Robotics & Autonomous Systems

Find out more about our robotics and autonomous systems testing and validation facilities.

Find out more

Electrical Infrastructure Research Hub

The Catapult has appointed the University of Strathclyde and the University of Manchester to form the Electrical Infrastructure Research Hub.

Find out more

Automation & Engineering Solutions

Find out more about our work in robotics, autonomous systems and artificial intelligence.

Find out more

Stay Current

Dig deeper into the biggest issues facing offshore wind, wave and tidal energy with our series of Analysis & Insight papers.

Find out more

Innovation Challenges

Solving these technology innovation challenges will help drive down the cost of offshore renewable energy, with positive effects for the industry and UK economy. If your technology has the answer, get in touch via our contact form on the Innovation Challenges page.

Find out more
Modus Seabed Intervention's innovative AUV docking station undergoes trials.

Intro

The cost of surveying the seabed and inspecting subsea cables and foundations represents a major challenge for the offshore wind industry. Inspections and surveys using vessels, technicians and divers are expensive and potentially dangerous, creating a significant market opportunity for disruptive solutions that are cheaper and less risky.

Published
Wed 13 Jun 2018
Last Updated
Tue 14 Aug 2018

Cost savings & quality benefits

Subsea specialist Modus Seabed Intervention, in partnership with engineering firm Osbit Ltd, is developing an innovative approach to enable autonomous underwater vehicles (AUVs) to remain at offshore wind farm sites without a support vessel, in a move that could shave £1.1billion* from the operating cost of Europe’s offshore wind farms.

The Darlington-based firm is trialling a novel AUV docking station. The design will enable vehicle re-charging, as well as the upload of acquired data and download of mission commands.

“Part of our vision is to see AUVs becoming field-resident,” says Modus’ Jake Tompkins, “offering significant cost savings and quality benefits to the markets and our customers.”

With a battery life of 15 hours and a 40km range, the strategic deployment of docking stations will, in theory, allow the machine to work across multiple offshore wind projects.

The use of AUVs to survey and inspect subsea infrastructure is a relatively new cost-efficiency measure in offshore wind, and replacing support vessels with the AUV docking station could further reduce expenditure. In addition to the estimated £1.1billion saving across the current 11GW offshore wind fleet over the next 25 years, the scheme will significantly reduce the need for staff to work in hazardous environments.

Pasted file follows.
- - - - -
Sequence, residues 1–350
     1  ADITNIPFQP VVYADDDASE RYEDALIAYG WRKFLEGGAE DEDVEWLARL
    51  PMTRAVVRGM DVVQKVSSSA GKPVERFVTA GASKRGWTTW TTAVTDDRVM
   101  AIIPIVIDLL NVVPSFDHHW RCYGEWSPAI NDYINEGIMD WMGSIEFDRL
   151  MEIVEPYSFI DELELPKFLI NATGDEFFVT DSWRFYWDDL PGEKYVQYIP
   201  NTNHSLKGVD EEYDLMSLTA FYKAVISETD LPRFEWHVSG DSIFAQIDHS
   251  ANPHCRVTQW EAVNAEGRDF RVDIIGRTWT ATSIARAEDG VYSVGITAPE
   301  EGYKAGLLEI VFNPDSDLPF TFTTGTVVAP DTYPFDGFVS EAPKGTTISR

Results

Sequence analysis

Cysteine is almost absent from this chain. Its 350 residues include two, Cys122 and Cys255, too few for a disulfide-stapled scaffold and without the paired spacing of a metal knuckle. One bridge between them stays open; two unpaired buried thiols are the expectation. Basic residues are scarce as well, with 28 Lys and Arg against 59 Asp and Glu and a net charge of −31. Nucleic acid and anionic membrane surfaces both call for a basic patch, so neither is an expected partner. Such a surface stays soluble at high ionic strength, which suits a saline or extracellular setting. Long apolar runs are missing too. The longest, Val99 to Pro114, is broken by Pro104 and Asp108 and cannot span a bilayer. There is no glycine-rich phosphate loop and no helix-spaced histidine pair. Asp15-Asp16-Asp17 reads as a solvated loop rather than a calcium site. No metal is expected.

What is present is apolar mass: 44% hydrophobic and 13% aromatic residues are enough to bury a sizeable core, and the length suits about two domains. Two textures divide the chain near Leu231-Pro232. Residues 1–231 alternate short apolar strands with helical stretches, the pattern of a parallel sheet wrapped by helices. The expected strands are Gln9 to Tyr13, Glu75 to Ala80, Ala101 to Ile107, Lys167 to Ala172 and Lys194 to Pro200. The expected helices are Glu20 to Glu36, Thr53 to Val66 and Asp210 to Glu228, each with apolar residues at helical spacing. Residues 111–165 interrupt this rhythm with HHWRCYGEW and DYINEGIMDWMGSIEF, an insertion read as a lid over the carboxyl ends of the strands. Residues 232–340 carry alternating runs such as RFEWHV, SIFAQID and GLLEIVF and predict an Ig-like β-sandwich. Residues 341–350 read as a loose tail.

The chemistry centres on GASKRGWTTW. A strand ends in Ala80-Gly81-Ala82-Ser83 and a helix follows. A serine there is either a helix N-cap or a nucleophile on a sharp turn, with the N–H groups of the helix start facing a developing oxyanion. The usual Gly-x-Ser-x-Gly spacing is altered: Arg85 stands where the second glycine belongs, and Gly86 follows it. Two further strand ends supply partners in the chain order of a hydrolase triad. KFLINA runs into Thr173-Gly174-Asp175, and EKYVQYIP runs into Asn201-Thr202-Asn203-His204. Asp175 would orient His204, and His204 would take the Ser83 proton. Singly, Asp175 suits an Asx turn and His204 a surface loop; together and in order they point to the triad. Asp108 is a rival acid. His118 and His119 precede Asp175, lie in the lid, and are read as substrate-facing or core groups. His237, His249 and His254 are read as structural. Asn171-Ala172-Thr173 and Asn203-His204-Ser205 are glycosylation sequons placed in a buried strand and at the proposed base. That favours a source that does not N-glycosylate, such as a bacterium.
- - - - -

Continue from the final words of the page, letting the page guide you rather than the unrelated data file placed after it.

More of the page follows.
The Catapult is working with Modus as part of the Autonomous Vehicle for the Inspection of offshore wind farm Subsea INfrastructure (AVISIoN) project, which will enable further development, testing and demonstrations of Modus’ existing Hybrid AUV capability, and docking station.

Testing will take place at our National Renewable Energy Centre. The first phase will use our saltwater testing docks and our National Offshore Anemometry Hub.

Part of our vision is to see AUVs becoming field resident, offering significant cost savings and quality benefits to the markets and our customers.

Offshore wind farm developers innogyEDF Energy and E.ON are also supporting the project, with innogy agreeing to carry out commercial trials at the 576MW Gwynt y Môr wind farm, off the oast of north Wales.

*Offshore wind farm operators who utilise AUVs can reduce their LCOE by 0.8%. Applying this cost saving for a 400MW representative offshore wind farm (ref, IEA methodology), a 0.8% LCOE reduction will yield cost savings of £1.6m per annum. Across the current 11GW of European installed capacity over this next 25 years, that could equate to as much as £1.1bn.

Find Out How We Can Help You

Enquire about our autonomous subsea and surface technology test and validation services.

contact us

Share

Based in Darlington and Northumberland respectively, Modus and Osbit's partnership is an excellent example of north-east supply chain collaboration.

Offshore wind operators utilising AUVs can reduce LCoE by 0.8%. Applying this for a 400MW farm, a 0.8% LCOE reduction will yield savings of £1.6m p/a. Across Europe's current 11GW capacity over the next 25 years, that could equate to as much as £1.1bn.

ORE Catapult is working with operators and robotics suppliers to develop industry-wide standards for testing future autonomous systems.

More In Modus Seabed Intervention

related case studies

Cookies on Catapult explained

To comply with EU directives we now provide detailed information about the cookies we use. To find out more about cookies on this site, what they do and how to remove them, see our information about cookies. Click OK to continue using this site.

OK